When Guy Irvine Turned Preacher For A Day
Old Time Tales of Warren County


When Guy Irvine Turned Preacher For a Day

Highway robberies were not uncommon, when lumbermen were on their way back to Warren County from a trip down the river, with the proceeds from the sale of their rafts, in bills or gold coin in a money belt, or more often a leather satchel. With much of the country still a wilderness of woods, affording an ideal hiding place for a fugitive, with all means of communication extremely slow, with hard liquor everywhere and men traveling the highways with considerable quantities of cash; the stage was set for highway robberies and the only wonder is that a wealthy lumberman like Guy Irvine ever got back home to Warren County safely with his cash.

There was not one pioneer lumberman who made frequent trips down the rivers, who did not at some time or other have trouble with outlaws who wanted his money. Teddy Collins had several brushes with highwaymen, Lewis F. Watson once looked into the barrel of a cocked pistol and Guy Irvine was held up not once but several times.

Maybe Irvine grew tired of hold-up men, he was known to carry quantities of cash. He related his narrow escapes on several occasions, but the time Guy Irwin turned itinerant preacher for a day to escape a holdup, is an Allegheny River classic.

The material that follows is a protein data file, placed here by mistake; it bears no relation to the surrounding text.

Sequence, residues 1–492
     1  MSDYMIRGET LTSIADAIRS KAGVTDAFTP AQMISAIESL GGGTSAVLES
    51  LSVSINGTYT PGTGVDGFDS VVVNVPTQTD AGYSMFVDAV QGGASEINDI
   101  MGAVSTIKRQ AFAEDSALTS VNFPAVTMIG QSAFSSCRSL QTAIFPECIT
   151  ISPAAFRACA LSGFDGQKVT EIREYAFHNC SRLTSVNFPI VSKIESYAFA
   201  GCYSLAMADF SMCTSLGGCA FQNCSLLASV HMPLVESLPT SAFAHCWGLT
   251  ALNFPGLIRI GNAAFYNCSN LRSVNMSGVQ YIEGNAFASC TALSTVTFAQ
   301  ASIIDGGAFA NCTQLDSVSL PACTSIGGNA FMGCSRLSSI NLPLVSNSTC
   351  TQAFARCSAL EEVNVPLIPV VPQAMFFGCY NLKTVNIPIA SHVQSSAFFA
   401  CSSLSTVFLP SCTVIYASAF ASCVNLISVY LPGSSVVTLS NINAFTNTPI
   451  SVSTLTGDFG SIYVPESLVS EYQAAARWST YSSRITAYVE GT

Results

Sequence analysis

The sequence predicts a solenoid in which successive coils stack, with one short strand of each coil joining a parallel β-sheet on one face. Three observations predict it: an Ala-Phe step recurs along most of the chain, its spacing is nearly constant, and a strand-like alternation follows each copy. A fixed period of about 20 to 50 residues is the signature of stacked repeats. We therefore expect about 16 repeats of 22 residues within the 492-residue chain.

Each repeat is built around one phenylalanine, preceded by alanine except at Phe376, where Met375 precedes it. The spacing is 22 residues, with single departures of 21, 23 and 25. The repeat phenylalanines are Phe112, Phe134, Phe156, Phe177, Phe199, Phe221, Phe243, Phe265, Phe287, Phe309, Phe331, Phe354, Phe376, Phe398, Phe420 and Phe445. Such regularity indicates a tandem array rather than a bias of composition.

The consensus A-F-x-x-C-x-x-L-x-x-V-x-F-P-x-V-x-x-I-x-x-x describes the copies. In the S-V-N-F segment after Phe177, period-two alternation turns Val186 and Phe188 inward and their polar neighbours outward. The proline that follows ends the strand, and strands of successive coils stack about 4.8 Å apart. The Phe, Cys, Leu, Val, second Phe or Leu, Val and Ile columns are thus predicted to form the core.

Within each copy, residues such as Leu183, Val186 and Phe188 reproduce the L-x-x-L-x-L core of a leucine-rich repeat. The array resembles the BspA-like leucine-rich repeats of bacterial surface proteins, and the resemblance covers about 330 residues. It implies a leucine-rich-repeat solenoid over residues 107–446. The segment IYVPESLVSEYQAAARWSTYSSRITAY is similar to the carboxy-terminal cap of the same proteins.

Irvine had stayed overnight at a tavern in Franklin and while there had received a round-about warning that hold-up men were waiting for him up the river at a certain location. It was a straight tip and Irvine knew it.

So he laid as clever a plan as ever was devised to escape a highwayman without trouble. He went to a Franklin store and bought a couple of dozen little testaments. Also he purchased a pair of heavily rimmed spectacles and a white necktie. He then repaired to his room at the tavern, placed the testaments in the satchel, on top of his money, tied the white necktie under his chin, put on the glasses, assumed as much a clerical air as was possible in a man who looked like a prize fighter, and sallied forth on the road. As he walked he carried one of the little testaments in his hand, reading texts from time to time.

At a turn in the road he met two hard looking gentlemen, strangers. They stood directly in his path. Irvine approached the highwaymen with a benign smile, set down his satchelful of money at their very feet, opened it-displaying all the testaments that lay on top. "My good men, may I sell you a testament?" he began.

"You get th' hell on up th' road," growled the strangers. "We ain't got no time to talk to preachers. We're lookin' fer a man we got to meet here on important business. You get th' hell outa here now." Guy Irvine shook his head ruefully, oppressed by the harshness of a wicked world. He deliberately closed his satchel, bowed and went on his way. His step was slow and discouraged as he walked with head down, meditating on the sinfulness of mankind.

A couple of hours later a bartender in an Oil City tavern was dumbfounded to see a white-cravatted, bespectacled preacher stride into his barroom, bang down a heavy satchel on the bar and roar, "Well, I fooled them bastards that time. Give us a whiskey George, in a hurry !"

SOURCE:  Page(s) 153-154: Old Time Tales of Warren County; Meadville, Pa.: Press of Tribune Pub. Co., 1932


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